The key to staying ahead of AMR is to use antibiotics wisely and appropriately. It is critically important that scientists and the pharmaceutical industry develop new classes of antibiotics and that the FDA create a regulatory policy to allow more powerful antibiotics and effective vaccines to prevent sickness in the first place. A recent study has identified an antibiotic that could prevent AMR for up to 30 years. Teixobactin has been tested successfully in mice, and human trials are set to begin in two years.

The Waste Stream

Another source of antibiotics in the environment is in the waste stream, including what an animal ‘contributes’ back to the environment. In the case of antibiotics this is mostly an issue for the animals fecal matter. For humans, many antibiotics exit the body into the toilet. Additionally, do you ever flush antibiotics down the toilet? What about the antibiotic you give to your pet? Where did that waste end up? Many antibitoics from these waste streams end up in our water!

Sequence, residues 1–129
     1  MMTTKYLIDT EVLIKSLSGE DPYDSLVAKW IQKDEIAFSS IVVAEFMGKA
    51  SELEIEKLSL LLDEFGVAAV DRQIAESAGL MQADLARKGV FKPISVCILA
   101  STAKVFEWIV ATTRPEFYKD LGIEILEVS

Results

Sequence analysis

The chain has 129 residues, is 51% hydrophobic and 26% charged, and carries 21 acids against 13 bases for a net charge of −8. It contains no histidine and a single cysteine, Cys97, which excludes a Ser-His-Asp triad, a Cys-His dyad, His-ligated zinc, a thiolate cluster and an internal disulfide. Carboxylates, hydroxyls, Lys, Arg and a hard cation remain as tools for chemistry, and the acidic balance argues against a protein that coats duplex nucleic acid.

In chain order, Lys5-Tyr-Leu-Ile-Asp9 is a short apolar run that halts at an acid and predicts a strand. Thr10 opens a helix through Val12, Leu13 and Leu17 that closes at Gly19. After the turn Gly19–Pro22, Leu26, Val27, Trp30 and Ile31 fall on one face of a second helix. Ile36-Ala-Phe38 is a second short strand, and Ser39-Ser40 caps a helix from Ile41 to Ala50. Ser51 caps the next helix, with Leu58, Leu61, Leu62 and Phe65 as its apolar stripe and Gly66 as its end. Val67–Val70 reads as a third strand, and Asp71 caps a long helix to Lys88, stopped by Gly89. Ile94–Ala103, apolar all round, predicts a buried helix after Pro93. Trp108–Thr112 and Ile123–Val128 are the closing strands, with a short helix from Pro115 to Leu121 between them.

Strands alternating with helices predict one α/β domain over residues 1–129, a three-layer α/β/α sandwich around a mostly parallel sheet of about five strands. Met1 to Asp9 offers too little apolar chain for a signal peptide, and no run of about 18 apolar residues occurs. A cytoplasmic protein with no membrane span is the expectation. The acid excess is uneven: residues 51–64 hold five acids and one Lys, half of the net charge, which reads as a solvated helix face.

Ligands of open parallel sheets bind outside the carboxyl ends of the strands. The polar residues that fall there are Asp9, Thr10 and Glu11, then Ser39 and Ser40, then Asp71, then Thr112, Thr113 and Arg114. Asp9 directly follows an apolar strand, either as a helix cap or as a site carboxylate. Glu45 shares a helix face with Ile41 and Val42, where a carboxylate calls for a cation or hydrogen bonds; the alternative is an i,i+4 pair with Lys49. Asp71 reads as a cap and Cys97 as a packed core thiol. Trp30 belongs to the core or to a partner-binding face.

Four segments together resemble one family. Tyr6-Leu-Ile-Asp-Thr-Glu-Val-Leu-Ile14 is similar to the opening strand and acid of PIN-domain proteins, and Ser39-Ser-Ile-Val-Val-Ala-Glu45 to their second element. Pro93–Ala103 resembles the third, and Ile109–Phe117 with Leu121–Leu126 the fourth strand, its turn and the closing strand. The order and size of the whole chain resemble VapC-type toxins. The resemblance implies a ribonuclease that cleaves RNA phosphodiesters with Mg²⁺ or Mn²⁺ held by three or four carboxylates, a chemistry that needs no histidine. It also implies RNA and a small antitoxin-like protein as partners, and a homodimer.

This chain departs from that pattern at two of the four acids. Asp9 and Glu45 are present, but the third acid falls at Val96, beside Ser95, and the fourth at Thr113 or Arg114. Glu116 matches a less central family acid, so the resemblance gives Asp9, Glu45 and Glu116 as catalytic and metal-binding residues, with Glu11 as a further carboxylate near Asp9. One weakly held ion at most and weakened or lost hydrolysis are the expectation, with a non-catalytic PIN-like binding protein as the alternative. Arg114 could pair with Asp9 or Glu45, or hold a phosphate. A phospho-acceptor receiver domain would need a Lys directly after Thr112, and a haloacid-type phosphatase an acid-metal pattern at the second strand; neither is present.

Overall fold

Resistance can occur anywhere you find bacteria. AMR bacteria have even been found in the jet stream at 30,000 ft! And, if AMR can occur there, they can pretty much occur anywhere and at any time. Think about how bacteria is distributed throughout the world, including animal waste, which includes your pet, insects, birds, crops, wind, rivers, and weather. It is hard to quantify, but clearly there is a link between humans, animals, and the environment – a concept referred to as One Health by the USDA that reminds us that all are interconnected and that solutions to problems must address each component.

The Bottom Line: